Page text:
Adèle Haenel

Source: Manfred Werner (Tsui)/Wiki Commons

Adèle Haenel

French filmmaker Christophe Ruggia has responded to public accusations by actress Adèle Haenel that he molested her over a period of three years, after casting her in his 2001 feature The Devils, when she was 12-years old. 

Haenel made the revelations in a bombshell interview which French investigative news site Mediapart, which was posted on November 3. 

Ruggia, who was 36-years old when the alleged abuse began, was a respected figure in the French film industry. He issued a written response via his lawyer to the Mediapart news site on November 6. 

He said a strong “personal and professional relationship” had grown up between him and Haenel which deepened during the three months on set. He said he was prepareding her for the role of an autistic girl from a chaotic background. 

“I discovered in Adèle Haenel the same creative passion that possessed and never left me as a 15-year-old languishing in the provinces,” he said.

Ruggia said he had maintained contact with Haenel after the shoot to help her readjust back to school and home life.

“I was worried that the return to reality would be difficult after spending three months immersed in an adult environment, at the centre of everyone’s attention,” he wrote.

“I suggested we could continue to see one another from time to time… Vincent Rottiers [Haenel’s co-star in The Devils] wanted to get back to his family and friends, and we didn’t meet up again until much later. Adèle Haenel jumped at the suggestion.”

“Adèle would come to my house and would dip into my video collection, which had thousands of films she wanted to see,” he continued. Ruggia said Haenel would watch her selections during the week and then return them the following Saturday.

“I had boundless admiration for her love of cinema and the talent I had detected in her, and was offended that many of the people around me didn’t see what I saw in her,” he said.

He said this “particular relationship” had carried on for a number of years, driven by a common love of cinema.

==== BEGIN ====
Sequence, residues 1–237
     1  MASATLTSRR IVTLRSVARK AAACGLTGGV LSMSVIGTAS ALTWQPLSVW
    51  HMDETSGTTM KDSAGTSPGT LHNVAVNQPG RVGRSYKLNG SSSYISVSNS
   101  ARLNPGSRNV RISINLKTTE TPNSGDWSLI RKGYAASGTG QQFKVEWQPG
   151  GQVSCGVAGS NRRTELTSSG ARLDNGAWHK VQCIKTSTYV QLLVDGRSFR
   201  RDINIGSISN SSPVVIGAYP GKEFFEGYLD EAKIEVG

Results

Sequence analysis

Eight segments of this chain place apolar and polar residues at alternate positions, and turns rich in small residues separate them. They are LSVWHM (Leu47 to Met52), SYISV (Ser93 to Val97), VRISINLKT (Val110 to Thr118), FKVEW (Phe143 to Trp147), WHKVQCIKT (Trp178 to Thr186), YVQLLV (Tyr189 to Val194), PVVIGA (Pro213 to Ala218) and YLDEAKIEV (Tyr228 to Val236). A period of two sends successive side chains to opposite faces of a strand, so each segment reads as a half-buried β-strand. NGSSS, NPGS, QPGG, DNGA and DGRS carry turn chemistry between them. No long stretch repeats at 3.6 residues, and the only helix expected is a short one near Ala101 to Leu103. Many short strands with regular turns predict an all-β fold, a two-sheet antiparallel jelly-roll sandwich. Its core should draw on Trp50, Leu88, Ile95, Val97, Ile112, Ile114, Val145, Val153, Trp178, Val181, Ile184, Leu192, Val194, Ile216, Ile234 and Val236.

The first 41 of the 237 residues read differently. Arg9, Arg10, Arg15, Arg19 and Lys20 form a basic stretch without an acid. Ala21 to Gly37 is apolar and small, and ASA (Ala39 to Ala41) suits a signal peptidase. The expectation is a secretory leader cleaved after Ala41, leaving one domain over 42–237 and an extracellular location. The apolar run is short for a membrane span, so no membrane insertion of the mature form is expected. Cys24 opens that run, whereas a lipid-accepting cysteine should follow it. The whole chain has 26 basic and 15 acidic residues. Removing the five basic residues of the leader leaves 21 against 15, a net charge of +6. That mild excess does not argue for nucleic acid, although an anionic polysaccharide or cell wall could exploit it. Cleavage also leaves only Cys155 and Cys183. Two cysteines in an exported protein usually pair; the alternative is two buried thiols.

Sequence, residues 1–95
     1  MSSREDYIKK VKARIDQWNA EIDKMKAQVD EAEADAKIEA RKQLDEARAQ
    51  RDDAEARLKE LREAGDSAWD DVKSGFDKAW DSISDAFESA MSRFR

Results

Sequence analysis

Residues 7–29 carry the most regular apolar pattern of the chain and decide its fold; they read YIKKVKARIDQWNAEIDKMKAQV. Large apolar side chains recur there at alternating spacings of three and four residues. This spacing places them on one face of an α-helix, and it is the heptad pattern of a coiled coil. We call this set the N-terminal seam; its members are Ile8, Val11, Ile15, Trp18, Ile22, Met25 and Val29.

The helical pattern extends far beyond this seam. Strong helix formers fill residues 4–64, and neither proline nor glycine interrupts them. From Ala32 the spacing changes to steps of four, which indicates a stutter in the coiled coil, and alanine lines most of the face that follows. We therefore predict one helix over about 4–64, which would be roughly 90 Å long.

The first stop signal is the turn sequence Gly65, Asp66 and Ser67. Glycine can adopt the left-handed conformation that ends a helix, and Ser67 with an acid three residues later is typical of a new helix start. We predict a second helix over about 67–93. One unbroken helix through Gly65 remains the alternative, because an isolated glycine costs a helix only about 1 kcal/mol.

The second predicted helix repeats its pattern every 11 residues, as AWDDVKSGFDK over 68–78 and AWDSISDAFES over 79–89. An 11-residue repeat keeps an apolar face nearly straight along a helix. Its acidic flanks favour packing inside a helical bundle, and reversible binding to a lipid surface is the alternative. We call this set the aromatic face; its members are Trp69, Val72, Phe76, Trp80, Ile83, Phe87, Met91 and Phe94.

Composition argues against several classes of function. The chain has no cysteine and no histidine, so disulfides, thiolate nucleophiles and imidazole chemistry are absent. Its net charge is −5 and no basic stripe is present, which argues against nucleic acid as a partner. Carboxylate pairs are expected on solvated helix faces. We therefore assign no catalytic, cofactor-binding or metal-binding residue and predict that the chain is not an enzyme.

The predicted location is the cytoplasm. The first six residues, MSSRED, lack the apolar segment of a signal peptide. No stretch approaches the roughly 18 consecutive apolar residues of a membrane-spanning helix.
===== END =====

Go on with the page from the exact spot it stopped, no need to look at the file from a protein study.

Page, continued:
“During this time, Adèle Haenel went for a number of roles, in vain. On my side, after several aborted projects, I wrote a screenplay in which I reserved a role for her and Vincent Rottiers,” he said, referring to what would eventually become his 2011 film In The Torment.

In the end, due to budgetary constraints these two secondary roles were dropped. Ruggia said that in 2004, his meetings with Haenel came to end.

Ruggia reiterated his denial of Haenel’s accusations, repeating that he had never in any way made sexual gestures or acted in a sexually harassing way towards her.

“I made the error of playing Pygmalion with all the misunderstandings and obstacles that involves,” he wrote. “During that period, I didn’t see that my adulation and the hopes I placed in her could, given her young age, cause her pain. If this is the case, I can only ask her forgiveness.”

The director said that he had little hope that his written reply to Mediapart would change the way he was now viewed publicly in the light of Haenel’s accusations.

“Your journalist carried out an investigation and even though none of the people interviewed spoke of inappropriate behaviour on my part, the closeness of the relationship that I entertained with this adolescent is enough to damn me. I’m in the process of being socially excluded and there is nothing I can do about it.”

The public prosecutor’s office in Paris announced on Wednesday it was opening a preliminary investigation into Haenel’s accusations.

The actress said in the interview she did not want to press charges. Her decision to go public she said was a militant act, aimed at stamping out sexual harassment throughout society.